Moreover,  those who would perish from the disease would include all those who had no choice but to expose themselves to it either because they had no option but to go to work as 'essential' workers or medical staff, or those who were incarcerated or institutionalized in care homes, or the vast millions of the poor and marginalized who lived in overcrowded conditions. Forcing them to expose themselves and put themselves at risk, one must question if their deaths should be considered a form of selective social murder. In so, "flattening the curve" was also a form of Social Darwinism.

The US's long-term response conformed to its long-standing practice of orienting its health care system to profit for its capitalists rather than protection for its population. That meant  it was focused on vaccines. President Trump had funded "Operation Warp Speed" to the tune of $18 billion. Until recently, vaccines had taken decades to develop, however, the first positive results were already being reported by the end of 2021.

This was good news for President Biden. He campaigned on bringing COVID-19 under control and thought he would have an easy time now that vaccines were becoming available. However, as 2021 wore on, the vaccination drive hit a number of road blocks. They included Presidential rumor-mongering; the politicization of COVID-19 related issues, including vaccines and treatments; social media disinformation; anti-vaccine protests and movements often funded by sections of the corporate capitalist class; generalized political distrust and a simple lack of access created by a vaccine roll-out that fell far short of the effort required. So  vaccine uptake was far short of the high levels required. Immunity also proved to be of short duration because of the eventual requirement of booster shots, first a second and then a third and even a fourth.

As a result, while about 78 percent of the US' eligible population has had one dose of a vaccine, only 67 percent has had a second and only 31 percent has had the essential third shot.

No wonder infections and deaths continue to climb. No wonder the US remains vulnerable to new variants.

Amid all this there is one failure that is the most fundamental of all. By any account, China's strategy of dynamic zero-COVID has proved most effective, both at saving lives and at ensuring that the economy, essential to the survival and well-being of all, is brought back on track as soon as possible, even where severe restrictions or lockdowns are necessary. Rather than learning from China, US authorities and mainstream media instead fault China for causing economic disruptions, even though, compared to the economic devastation caused by the US's approach, China has performed well both against covid, and economically, with higher growth rates over the years of the pandemic.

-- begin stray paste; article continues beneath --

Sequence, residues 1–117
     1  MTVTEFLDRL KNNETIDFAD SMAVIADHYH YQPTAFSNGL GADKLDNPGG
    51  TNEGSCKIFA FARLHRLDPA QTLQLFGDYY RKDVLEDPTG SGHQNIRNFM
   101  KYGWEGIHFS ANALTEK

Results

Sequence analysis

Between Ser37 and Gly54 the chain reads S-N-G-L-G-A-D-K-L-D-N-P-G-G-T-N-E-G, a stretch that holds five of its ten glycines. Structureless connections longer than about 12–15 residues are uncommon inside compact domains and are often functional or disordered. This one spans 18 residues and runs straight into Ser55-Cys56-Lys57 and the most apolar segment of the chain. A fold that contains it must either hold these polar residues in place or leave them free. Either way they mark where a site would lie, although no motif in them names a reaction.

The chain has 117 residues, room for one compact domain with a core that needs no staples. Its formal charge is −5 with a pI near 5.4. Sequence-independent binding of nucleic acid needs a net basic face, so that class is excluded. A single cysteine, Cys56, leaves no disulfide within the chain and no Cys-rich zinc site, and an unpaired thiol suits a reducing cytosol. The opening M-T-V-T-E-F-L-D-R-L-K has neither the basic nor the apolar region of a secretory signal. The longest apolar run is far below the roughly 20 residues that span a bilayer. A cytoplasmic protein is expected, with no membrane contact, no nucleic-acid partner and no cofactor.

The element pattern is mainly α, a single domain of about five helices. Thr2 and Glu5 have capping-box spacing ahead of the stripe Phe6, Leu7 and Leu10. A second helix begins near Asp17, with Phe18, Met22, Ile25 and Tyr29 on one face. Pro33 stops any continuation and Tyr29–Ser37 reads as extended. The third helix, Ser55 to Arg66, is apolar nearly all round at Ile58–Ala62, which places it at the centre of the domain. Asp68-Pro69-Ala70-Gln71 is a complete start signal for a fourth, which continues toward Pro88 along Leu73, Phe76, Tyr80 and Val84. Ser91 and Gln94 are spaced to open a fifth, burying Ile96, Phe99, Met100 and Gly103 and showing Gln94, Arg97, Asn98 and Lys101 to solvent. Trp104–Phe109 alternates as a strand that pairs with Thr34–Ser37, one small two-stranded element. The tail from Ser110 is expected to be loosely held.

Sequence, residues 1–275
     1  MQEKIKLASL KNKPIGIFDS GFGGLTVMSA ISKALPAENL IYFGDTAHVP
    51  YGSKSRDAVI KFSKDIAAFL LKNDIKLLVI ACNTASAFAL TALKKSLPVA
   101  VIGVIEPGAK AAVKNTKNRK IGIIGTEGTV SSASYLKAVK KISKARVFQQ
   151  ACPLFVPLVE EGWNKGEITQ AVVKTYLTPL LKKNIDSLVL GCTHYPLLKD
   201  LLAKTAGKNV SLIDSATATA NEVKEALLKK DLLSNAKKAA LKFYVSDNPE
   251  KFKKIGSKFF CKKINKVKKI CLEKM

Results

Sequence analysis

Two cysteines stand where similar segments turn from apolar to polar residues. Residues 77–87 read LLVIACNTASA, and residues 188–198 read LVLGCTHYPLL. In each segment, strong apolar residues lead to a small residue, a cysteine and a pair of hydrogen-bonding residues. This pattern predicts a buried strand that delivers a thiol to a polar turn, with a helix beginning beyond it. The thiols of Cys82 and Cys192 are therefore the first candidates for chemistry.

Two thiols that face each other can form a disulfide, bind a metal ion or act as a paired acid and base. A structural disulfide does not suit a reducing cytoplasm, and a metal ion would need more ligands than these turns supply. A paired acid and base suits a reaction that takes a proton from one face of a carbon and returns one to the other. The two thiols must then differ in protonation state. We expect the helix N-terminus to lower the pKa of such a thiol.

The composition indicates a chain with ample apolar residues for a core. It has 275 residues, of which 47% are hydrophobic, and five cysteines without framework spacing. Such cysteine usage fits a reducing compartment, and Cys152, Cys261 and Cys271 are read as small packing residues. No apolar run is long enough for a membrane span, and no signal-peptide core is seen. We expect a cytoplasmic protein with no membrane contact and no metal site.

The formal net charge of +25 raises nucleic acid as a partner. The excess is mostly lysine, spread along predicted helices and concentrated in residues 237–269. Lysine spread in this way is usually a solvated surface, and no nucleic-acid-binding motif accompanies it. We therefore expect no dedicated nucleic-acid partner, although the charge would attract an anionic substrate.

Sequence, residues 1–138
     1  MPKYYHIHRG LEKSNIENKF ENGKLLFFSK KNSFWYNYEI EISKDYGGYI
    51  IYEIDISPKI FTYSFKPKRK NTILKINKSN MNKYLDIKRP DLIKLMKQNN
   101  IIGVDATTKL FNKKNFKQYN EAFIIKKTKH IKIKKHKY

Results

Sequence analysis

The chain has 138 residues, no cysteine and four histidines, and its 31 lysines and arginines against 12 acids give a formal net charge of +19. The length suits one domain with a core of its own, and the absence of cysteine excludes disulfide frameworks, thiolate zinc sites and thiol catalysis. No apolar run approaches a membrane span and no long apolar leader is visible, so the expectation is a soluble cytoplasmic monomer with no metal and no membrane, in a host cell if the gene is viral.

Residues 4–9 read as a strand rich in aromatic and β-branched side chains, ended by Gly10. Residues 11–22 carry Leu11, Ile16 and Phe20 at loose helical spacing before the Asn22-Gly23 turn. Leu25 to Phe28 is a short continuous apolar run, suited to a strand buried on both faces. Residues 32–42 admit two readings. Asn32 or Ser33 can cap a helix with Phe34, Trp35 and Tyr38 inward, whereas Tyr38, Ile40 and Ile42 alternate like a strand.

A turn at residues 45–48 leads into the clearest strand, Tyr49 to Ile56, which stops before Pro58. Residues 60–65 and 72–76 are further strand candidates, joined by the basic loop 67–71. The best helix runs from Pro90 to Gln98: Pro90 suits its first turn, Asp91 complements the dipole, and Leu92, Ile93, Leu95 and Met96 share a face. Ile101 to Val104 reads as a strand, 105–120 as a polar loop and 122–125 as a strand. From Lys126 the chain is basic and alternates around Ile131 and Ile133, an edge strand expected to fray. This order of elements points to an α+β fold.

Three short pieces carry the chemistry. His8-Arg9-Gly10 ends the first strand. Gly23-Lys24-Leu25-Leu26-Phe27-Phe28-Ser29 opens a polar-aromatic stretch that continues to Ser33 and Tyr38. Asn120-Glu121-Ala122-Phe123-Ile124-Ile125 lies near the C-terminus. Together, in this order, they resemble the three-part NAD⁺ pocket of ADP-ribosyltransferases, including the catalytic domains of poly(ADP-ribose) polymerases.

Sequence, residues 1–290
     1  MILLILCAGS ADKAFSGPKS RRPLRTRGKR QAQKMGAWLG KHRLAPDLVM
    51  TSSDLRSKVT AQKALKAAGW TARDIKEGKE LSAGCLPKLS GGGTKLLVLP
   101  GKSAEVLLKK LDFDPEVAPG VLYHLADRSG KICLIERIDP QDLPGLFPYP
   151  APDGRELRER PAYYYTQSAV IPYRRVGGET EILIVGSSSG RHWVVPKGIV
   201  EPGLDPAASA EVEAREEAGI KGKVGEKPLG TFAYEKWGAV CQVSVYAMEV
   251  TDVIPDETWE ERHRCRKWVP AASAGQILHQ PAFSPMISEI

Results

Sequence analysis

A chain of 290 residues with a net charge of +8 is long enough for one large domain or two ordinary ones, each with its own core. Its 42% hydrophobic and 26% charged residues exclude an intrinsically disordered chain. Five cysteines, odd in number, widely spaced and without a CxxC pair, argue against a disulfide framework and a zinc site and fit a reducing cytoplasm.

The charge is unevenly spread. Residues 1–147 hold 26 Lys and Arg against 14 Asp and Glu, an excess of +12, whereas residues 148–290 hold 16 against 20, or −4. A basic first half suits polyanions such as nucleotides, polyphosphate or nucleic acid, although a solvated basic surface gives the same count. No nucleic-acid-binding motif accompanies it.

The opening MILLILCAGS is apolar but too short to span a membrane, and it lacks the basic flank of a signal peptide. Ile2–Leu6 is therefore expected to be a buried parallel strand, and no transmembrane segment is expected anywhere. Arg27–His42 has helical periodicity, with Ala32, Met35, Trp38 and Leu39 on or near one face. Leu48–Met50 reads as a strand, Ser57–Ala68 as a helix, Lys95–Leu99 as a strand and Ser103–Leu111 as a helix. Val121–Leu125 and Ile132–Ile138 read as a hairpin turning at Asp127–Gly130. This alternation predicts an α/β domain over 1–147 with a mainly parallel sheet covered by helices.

In the West, moreover, what 'saving livelihoods' means in practice is saving the processes of financialized capitalist accumulation and the wealth, income and assets of a tiny elite. So, in effect, the West has been willing to sacrifice lives at the altar of capital. Ironically, however, doing that proved counterproductive. For two years, it has required repeated lockdowns causing much and lasting economic damage. That is what has made what should have been a serious but manageable public health emergency into a major crisis of capitalism.

The 1 million COVID-19 deaths milestone should have been a time to confess to these failures and committing to the only strategy that works, one of dynamic zero-COVID policies. Instead, the President had relinquished responsibility and confined himself to simply urging everyone to "do the right thing" , get vaccinated and learn to "live with covid".

Radhika Desai is a professor of political studies at the University of Manitoba in Canada.

The opinions expressed here are those of the writer and do not necessarily represent the views of China Daily and China Daily website.